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Snapshot: Good Cooking, Better Memories
National Public Radio®


Former Washington Post reporter Patrice Gaines offers another dispatch from her hometown of Lake Wylie, S.C. In this post-Thanksgiving reflection, Gaines remembers how generations of good cooking and a tradition of homemade bread shape her own sense of family.





From the world of high tech to the slower side of life, we head to Lake Wylie, South Carolina. That's where former Washington Post reporter Patrice Gaines wrote today's Snapshot. Patrice remembers how generations of good cooking shaped her own sense of family.


Ms. PATRICE GAINES (Former Reporter, Washington Post):
My grandmother made perfect biscuits - soft, flaky, golden on top. She made big pans of her biscuits for me whenever I visited her in Washington, D.C. She pulls them out of the oven and placed them lovingly on a dinner plate. She'd bring them to me along with a smaller saucer, a bottle of dark caramel syrup or Brer Rabbit Molasses. I'd slather the biscuits with butter, poured syrup or molasses into the saucer and use the bread to sop it up. I was in my 20s. I didn't have to think about my waistline.


As the years past and I got older, I tried to replicate granny's bread. But my biscuits were too heavy - thicker than they should be. They didn't fall apart in my mouth like they were supposed to, like every biscuit granny ever made. One day, with a pencil and notebook in my hand, I led granny into the kitchen and said, please teach me how to make biscuits like you. I stood next to her -close enough to smell her Chanel No. 5 perfume and nearly brush her arms. I love to rub those plump arms. I love the way her flesh was always cool to the touch. She was wearing her usual at-home attire - one of her floral house coats and her hair net though her short hair was always pressed perfectly in place.


From her cabinet, she pulled out all of the ingredients she needed. You put this much flour in the bowl, she said. She poured flour into the big green glass bowl. How much flour is that, I asked? I don't know, she said, nonchalantly. Here, hold the bowl and see how it feels. I was flabbergasted. I didn't know how to write that in a recipe.


At that moment, I saw the most delicious biscuits I would ever eat slipping away from me and out of my life. We had those biscuits every Thanksgiving until 1985 - the year granny died after suffering a series of strokes. When she left our lives, we lost so many things - her giggle that quickly built into a hardy round laugh that made everyone else laugh, too. The grandmother who pressed coins into the palms of her grandchildren's hands on nearly every visit. The shop dresser who had her hats made by a milliner, And the biscuits left our family, too, forever. Granny left before teaching her daughter, my mother, how to make biscuits.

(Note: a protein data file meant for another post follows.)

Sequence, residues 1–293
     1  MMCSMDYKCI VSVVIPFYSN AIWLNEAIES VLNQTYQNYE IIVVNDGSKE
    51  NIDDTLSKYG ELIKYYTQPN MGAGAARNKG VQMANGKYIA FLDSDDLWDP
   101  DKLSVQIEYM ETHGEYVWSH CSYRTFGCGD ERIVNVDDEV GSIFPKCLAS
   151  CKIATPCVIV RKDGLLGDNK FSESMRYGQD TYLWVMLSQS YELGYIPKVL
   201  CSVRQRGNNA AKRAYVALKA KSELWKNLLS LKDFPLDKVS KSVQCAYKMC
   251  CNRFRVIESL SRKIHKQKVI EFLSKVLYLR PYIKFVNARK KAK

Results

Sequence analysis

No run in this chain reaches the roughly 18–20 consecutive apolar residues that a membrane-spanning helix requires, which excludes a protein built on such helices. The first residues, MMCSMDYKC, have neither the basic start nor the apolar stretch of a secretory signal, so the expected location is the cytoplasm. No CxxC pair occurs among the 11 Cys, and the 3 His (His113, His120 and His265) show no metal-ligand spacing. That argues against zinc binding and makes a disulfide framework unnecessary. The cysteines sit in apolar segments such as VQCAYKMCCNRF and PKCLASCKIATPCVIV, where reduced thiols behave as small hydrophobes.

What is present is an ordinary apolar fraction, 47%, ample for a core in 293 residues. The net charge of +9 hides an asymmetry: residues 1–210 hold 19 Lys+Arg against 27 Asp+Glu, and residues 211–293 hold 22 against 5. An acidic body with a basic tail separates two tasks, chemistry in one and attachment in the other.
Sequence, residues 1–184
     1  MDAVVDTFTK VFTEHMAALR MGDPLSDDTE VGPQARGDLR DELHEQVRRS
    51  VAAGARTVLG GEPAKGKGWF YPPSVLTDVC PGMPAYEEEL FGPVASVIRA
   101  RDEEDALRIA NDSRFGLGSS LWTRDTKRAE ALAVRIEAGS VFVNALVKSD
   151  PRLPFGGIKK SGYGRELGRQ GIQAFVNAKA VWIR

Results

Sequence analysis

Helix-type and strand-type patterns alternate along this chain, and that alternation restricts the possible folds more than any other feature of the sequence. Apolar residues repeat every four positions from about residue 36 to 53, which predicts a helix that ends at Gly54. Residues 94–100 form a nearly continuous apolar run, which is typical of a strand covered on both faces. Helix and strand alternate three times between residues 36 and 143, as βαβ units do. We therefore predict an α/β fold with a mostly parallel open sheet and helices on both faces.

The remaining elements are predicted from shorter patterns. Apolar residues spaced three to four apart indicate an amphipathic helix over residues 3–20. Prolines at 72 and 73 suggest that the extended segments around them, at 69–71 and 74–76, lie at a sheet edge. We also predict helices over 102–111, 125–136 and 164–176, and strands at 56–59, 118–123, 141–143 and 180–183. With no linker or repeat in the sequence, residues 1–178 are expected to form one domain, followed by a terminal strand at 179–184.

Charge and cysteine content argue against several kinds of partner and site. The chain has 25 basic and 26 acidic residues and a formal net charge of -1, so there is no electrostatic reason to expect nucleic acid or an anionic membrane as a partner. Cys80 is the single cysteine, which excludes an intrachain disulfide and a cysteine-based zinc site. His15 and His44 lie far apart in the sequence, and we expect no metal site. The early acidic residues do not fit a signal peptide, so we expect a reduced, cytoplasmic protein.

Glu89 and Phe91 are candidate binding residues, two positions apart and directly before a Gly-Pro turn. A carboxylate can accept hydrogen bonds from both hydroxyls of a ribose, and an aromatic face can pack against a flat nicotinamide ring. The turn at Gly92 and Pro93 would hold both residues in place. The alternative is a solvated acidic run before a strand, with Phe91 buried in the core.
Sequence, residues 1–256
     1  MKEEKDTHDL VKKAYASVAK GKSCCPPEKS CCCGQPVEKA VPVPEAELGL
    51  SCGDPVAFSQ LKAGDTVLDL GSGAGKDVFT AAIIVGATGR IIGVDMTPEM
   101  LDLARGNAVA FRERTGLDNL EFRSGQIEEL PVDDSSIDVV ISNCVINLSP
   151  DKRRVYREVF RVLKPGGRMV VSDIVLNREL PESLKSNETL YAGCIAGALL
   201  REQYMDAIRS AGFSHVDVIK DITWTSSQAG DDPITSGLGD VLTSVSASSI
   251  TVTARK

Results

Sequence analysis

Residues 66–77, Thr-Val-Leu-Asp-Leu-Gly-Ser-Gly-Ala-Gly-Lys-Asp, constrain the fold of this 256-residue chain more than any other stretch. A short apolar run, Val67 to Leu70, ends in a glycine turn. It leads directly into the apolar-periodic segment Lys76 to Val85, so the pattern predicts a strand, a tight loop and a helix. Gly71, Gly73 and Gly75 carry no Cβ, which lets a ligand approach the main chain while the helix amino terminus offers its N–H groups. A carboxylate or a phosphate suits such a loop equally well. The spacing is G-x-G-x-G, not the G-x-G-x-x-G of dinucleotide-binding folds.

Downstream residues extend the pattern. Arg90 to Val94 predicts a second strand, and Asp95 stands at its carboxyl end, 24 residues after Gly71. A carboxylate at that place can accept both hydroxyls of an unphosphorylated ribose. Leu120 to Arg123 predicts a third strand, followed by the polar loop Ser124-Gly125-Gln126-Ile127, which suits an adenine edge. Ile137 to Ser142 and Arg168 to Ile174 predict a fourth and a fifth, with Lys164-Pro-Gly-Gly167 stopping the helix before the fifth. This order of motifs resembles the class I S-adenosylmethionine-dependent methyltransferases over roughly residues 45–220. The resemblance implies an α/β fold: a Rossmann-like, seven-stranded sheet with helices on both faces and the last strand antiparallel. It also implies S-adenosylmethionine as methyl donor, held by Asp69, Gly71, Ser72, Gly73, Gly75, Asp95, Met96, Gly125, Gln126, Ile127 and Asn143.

My mother was a master cornbread maker. Jiffy was not a word in her vocabulary. She made her cornbread from scratch. She baked it an old, almost black, rectangular pan. Every Thanksgiving, mama crumbled up a day-old pan of this cornbread and made the best dressing I have ever had. We ate this dressing every Thanksgiving until 1994. That year, while I bake the turkey on Thanksgiving Day, my mother, ill with cancer, slipped in to a coma and died. There would be no more rectangular pans of cornbread made from scratch, no more turkey dressing made from that cornbread. I miss mama a lot - even today.


Of course, I remember her especially on Thanksgiving and especially when I start cooking. My sister Carol(ph) fixes potato salad like mama's. My sister Sheila(ph) cooks greens the way she did. No one can make the cornbread. I made yeast rolls instead. My daughter and nieces and nephews - and even their friends - tell me they are the best rolls in the world. I love the smell of the rolls rising in the hot oven, the aroma of fresh bread floating through the house on Thanksgiving.


My daughter loves to sit and wait on the first pan so she can slather her bread with butter and pop warm pieces of rolls into her mouth. Watching rising dough and kneading is my contribution to tradition. Now, I am the matriarch of my family. There are times when we are gathered at the Thanksgiving table and I look around and realize that there are children and even grown folks there who never sampled mama's cornbread or granny's biscuits. At those times, I am thankful for everyone one of my 58 years, especially the days I got to taste the love that came out of those ovens. I scan the table, look at my clan and wonder who will bake the bread when I am gone, and what kind of bread will it be.


CHIDEYA: That was author and writing coach Patrice Gaines with this week's Snapshot. She told us her story from member station WFAE in Charlotte, North Carolina.


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